- Michael Avenatti, the attorney for porn star Stormy Daniels, claimed that federal prosecutors canceled a Monday meeting with his client because word of the meeting leaked to the press.
- Prosecutors declined to comment to Business Insider.
Michael Avenatti, the attorney for porn star Stormy Daniels, claimed that federal prosecutors canceled a Monday meeting with his client because word of the meeting leaked to the press.
Daniels, whose real name is Stephanie Clifford, was scheduled to meet Monday with prosecutors from the US Attorney’s Office for the Southern District of New York in relation to the criminal probe into President Donald Trump’s longtime lawyer, Michael Cohen. But after multiple reports on the meeting Sunday, Avenatti said prosecutors canceled.
“So I was just informed by the US Attys office that they are cancelling the mtg tmrw scheduled with me and my client (for weeks) because the press found out about the mtg and they can’t handle a few cameras outside their offices,” Avenatti tweeted.
He added: “If they consider this a big deal, how will they ever bring any serious criminal charges against Cohen et al., let alone handle a trial, in such a high profile matter? We have bent over backwards to accommodate them. This is unheard of. We remain willing to cooperate but something isn’t right…”
Avenatti also published an email he sent to federal prosecutors criticising them for the cancellation.
“In sum, we see no reason to cancel the meeting, which we understood was important to your investigation,” Avenatti wrote.
A representative for the US Attorney’s Office for the Southern District of New York declined to comment when reached by Business Insider. Later Monday, Avenatti provided an email to The Washington Post from Assistant US Attorney Nick Roos, who accused Avenatti of leaking word of the meeting to the media.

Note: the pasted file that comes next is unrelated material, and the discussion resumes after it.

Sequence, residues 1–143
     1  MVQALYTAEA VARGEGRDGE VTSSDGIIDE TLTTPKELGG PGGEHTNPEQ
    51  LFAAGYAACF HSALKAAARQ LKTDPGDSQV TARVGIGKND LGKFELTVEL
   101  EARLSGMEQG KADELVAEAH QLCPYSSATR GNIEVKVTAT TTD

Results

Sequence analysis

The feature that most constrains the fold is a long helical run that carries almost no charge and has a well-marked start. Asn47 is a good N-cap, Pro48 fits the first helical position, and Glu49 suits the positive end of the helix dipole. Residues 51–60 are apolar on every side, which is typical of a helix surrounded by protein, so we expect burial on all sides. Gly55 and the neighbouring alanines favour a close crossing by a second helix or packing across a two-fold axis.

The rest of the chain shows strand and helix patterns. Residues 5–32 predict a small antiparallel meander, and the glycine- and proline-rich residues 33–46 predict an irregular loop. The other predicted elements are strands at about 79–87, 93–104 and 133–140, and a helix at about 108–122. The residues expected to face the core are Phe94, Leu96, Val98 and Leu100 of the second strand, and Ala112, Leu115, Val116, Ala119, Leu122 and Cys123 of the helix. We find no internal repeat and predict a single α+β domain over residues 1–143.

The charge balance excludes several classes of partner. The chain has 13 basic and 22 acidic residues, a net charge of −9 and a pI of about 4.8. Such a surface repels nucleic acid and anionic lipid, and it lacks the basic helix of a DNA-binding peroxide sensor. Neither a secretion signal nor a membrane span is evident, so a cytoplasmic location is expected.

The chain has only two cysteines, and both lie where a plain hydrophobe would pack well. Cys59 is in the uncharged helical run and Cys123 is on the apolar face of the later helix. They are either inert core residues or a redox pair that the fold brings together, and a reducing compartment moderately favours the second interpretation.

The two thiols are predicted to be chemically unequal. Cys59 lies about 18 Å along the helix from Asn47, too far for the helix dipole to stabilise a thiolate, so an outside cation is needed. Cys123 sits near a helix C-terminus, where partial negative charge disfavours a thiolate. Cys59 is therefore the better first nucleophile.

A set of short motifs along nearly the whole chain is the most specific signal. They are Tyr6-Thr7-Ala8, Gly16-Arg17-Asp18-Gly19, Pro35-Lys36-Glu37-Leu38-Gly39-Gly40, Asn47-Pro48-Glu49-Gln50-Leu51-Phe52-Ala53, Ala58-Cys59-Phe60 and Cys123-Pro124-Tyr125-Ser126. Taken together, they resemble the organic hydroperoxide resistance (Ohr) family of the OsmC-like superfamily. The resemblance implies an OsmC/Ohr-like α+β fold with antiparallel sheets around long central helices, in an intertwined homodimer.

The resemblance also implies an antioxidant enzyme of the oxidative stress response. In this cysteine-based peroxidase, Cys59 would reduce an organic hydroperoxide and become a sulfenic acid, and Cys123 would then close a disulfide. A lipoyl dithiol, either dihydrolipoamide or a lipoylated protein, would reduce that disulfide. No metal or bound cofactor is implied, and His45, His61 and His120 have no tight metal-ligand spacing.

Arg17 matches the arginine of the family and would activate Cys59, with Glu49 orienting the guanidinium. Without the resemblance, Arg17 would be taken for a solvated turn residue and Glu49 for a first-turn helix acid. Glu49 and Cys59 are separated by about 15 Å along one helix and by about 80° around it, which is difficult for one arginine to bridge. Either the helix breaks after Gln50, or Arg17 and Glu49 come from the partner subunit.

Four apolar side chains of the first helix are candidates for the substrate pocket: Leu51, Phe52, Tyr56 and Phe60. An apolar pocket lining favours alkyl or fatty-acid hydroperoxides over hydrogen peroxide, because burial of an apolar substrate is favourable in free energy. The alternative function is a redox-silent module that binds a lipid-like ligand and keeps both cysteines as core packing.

“Such leaks are inappropriate in and of themselves, and more importantly, call into question your commitment to maintaining the required confidentiality of the substance of our meeting with your client,” Roos told Avenatti in the email. “For these reasons we have cancelled our meeting, and will reassess how to proceed.”
Cohen is the focus of an investigation into whether he violated campaign-finance laws or committed bank fraud, wire fraud,illegal lobbying, or other crimes. In April, the FBI raided Cohen’s home, office, and hotel room.
At the center of Cohen’s troubles is a $US130,000 hush-money payment he facilitated weeks before the 2016 presidential election to Daniels to keep her quiet about her allegation of a 2006 affair with Trump. The FBI sought documents related to that payment and other similar agreements with women in the April raids. Cohen, Trump, and the White House have denied the affair. Initially, Cohen denied that Trump reimbursed him for the payment, but last month, Trump admitted to repaying his attorney for the expense.
Meanwhile, Daniels is suing Cohen and Trump in California seeking to void the nondisclosure agreement. She also sued her previous lawyer, Keith Davidson, who represented her in the hush-money settlement. Davidson, who is cooperating in the Cohen probe, countersued her.
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